doc_wv.jpg (14059 bytes)The Real Rebel in the Outfit

A character sketch of "Doc"
by Othello

Ah just loves that Southuhn accent!


Imagine if ole Moseby Lovelace (the new recruit in the episode "The Squad") had arrived in Second Platoon just a season or two later. Eventually he would have gotten around to the question, "Enny Ahkansaw bawys in this he-uh outfit?"

And one voice would have piped up in reply, "Yup."

Of course I hesitate to say what would have happened after that. It would have been a rude awakening for poor ole Lovelace. For he would no sooner have discovered a fellow Southerner (Doc), than he would have found out that his own Southuhn-ness, which he counted on as being as deep as the bone, had really come by way of some Burbank dialogue coach, and was in fact no deeper than a chicken scratch on sun-baked Georgia clay.

Moseby Lovelace, you see, made the mistake that most would-be Johnny Rebs make – that of trying too hard to be Southern. Whereas any true Southerner could tell you, being from the South isn’t something you whack at and work for, like a man chopping wood and making an awful bothersome noise in the process ; rather, it’s something you wear as comfortably and quietly (unless you’re a Texan, in which case you feel compelled wear it loudly) as your favorite pair of slippers.

That’s how I know our Doc is one hundred percent authentic down-home Dixie. He doesn’t go around forcing "y’all"s and "ain’t"s and "lookee he-uh"s and "hoo-eee"s and his mama’s dee-lishus brown gravy recipe on the other guys in the squad like some six year old trying out his new Christmas toy. Instead, he’s just plain folks. He blends in, but without losing his uniqueness.

And unique he is, too (along with his twin brother, the MP ...). For without him, excepting a special case like Caje, and the occasional pretender like Moseby Lovelace – a poor man’s Sergeant York (Tennessee boy, by the way) if ever there was one – Lt. Hanley’s outfit would be completely devoid of Southerners. In fact, looking at the personnel who come through Second Platoon, you are almost tempted to conclude that, for the duration of the Second World War, the South had seceded once again from the United States proper and none but a paltry few of her fair sons have stuck around in the Army. So, thank heaven for Doc. He upholds the honor of the South with his presence, and with his unflinching dedication to duty.

And what a duty he has – ripping off ambulances (all for a good cause, mind you), passing out aspirin, dislodging beans from kids’ throats, and taking wild motorcycle rides through dusty vineyards. Being a frontline medic is definitely not for the fainthearted. (Oh yeah, and let’s not forget the crawling-through-enemy-fire-and-reaching-into-bloody-wounds bit.)

What intrigues me is that, coming from the South, Doc became a medic in the first place. After all, that region has a proud warrior tradition, and has produced some of the finest fightin’ men our nation has ever known – Bobby Lee, Stonewall Jackson, and George Patton (a Southerner by way of California), to name but a few. And yet when a war came to his own generation, our Boy from Arkansas, no doubt raised amidst endless tales of Shiloh and mock-battles of Yankees versus Confederates, chose as his weapon not a rifle but a red cross.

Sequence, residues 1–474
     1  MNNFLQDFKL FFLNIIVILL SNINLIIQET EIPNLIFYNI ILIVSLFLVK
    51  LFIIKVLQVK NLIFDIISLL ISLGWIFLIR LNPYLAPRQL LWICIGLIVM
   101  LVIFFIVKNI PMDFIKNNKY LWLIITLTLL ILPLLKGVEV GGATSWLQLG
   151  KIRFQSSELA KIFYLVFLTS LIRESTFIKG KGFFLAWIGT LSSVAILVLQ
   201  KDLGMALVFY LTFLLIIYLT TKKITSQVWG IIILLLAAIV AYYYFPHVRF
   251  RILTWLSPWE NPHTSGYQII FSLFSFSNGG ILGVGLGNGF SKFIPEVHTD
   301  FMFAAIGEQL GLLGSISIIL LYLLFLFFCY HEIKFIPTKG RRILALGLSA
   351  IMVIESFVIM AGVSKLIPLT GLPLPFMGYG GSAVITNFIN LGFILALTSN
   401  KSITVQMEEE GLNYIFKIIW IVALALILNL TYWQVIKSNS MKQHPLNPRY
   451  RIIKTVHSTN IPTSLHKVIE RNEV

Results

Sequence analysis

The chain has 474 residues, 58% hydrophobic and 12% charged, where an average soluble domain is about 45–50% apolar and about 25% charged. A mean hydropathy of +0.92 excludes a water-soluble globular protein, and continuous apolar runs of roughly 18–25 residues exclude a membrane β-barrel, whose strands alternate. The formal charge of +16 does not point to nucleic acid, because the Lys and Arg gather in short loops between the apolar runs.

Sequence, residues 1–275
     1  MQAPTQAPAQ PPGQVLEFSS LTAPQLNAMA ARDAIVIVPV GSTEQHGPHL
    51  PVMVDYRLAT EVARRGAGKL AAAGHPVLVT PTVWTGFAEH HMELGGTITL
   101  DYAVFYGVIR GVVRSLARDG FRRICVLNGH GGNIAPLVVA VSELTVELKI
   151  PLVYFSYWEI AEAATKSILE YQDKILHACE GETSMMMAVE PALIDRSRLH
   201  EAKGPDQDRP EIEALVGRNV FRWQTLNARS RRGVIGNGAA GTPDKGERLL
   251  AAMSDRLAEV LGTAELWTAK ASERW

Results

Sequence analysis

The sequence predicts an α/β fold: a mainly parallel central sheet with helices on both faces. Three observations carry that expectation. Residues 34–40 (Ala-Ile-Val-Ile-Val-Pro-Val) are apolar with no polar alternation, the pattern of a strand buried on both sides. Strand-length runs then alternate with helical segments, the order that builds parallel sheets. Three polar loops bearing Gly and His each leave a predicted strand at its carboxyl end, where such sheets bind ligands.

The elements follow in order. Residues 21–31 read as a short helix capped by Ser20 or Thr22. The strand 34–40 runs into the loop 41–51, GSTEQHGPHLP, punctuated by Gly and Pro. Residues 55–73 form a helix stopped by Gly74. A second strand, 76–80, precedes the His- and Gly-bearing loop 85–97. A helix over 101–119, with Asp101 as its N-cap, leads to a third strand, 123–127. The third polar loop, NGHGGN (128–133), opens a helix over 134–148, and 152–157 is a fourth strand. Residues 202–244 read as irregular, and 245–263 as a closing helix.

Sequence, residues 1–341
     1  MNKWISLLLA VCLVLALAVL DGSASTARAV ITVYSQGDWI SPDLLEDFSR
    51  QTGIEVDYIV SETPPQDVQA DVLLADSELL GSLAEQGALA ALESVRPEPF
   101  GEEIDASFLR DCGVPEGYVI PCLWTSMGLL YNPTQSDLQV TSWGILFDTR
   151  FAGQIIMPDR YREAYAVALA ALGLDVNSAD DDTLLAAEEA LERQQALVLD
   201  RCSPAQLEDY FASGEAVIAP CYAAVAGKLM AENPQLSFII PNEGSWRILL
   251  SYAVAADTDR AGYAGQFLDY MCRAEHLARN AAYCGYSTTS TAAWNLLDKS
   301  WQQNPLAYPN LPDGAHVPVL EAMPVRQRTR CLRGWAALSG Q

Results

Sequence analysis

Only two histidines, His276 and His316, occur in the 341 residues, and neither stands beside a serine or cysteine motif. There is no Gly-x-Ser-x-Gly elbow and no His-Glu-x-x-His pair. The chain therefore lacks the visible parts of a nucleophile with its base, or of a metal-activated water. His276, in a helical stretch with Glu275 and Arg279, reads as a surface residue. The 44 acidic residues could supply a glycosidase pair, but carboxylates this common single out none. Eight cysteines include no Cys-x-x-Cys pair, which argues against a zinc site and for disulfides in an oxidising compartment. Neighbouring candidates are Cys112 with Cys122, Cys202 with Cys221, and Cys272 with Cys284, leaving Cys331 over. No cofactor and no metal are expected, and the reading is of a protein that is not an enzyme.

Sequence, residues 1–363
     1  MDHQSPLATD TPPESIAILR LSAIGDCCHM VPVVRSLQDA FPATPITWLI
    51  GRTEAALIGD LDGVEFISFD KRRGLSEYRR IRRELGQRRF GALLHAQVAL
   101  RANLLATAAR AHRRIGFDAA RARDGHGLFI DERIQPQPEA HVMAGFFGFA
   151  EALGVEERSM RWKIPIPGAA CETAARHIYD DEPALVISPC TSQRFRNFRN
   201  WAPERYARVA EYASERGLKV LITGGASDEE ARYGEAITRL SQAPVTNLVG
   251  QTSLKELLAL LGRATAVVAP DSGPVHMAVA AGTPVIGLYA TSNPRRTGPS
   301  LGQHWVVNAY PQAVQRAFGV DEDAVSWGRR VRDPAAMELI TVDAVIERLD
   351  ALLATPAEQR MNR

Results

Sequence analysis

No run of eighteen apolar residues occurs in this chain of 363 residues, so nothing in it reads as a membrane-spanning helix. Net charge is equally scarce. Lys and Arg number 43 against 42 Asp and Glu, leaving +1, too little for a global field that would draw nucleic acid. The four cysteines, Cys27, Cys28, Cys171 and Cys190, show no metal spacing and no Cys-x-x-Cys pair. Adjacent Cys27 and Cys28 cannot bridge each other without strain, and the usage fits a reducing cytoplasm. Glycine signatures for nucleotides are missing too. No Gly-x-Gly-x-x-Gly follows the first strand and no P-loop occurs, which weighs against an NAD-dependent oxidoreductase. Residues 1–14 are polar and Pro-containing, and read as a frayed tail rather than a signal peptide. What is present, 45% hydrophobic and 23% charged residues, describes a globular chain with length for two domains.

I’ve often found myself wondering just why he has done so. Is it for religious reasons? Doc certainly knows his Bible (as all good Southern boys do), and by God, he does take on the passion of a preacher-man at times, ladling out righteous indignation with all the subtlety of a flamethrower. ("But Sarge, there’s a wounded man out there!") And yet this isn’t Doc in his usual temper.

Most times, he’s as easy-going as a slow-winding, lazy river (or a Hoagy Carmichael tune about same), with his laid-back grin and folksy manner. Perhaps the reason behind Doc’s choice to become a Doc was more his own individual personality than anything else. He’s the consummate calm in the center of a storm, soothing the worried and the wounded, even occasionally taking on the role of father-confessor and listening to the secret anxieties of the most private of men. (If Doc can work such wonders on taciturn sergeants, just imagine how much he could have put Braddock’s nervous chicken at ease.)

I have just one small bone to pick with our serene and courageous medic, and that is, I think he should have caught on to that boy Murfree (aka Captain Klepner in the episode "The Long Walk") long before the latter’s scheme was uncovered. Murfree was obviously suffering from a case of Lovelace-itis – tryin’ way too hard to be Southern. Poor Doc was no doubt so starved for Southern companionship that he got took by the first man who came along spoutin’ sweet words about Andy Jackson. We know, you’ll spot ‘em next time, Doc. Beware the good ole boy who speaks too freely about cornbread and white lightning – he just may have gotten his accent from Berlin U.

"Land of Honeysuckle and Magnolia?" Fiddle-dee-dee.

Copyright 1998 by Dorothy Spangler. All rights reserved.
Characters from the television series COMBAT! are the property of ABC-TV.

Biography of actor Steven Rogers
Real Rebel in the Outfit
About Doc #1
Doc:Steven Rogers
Woundings:Doc (Steven Rogers)



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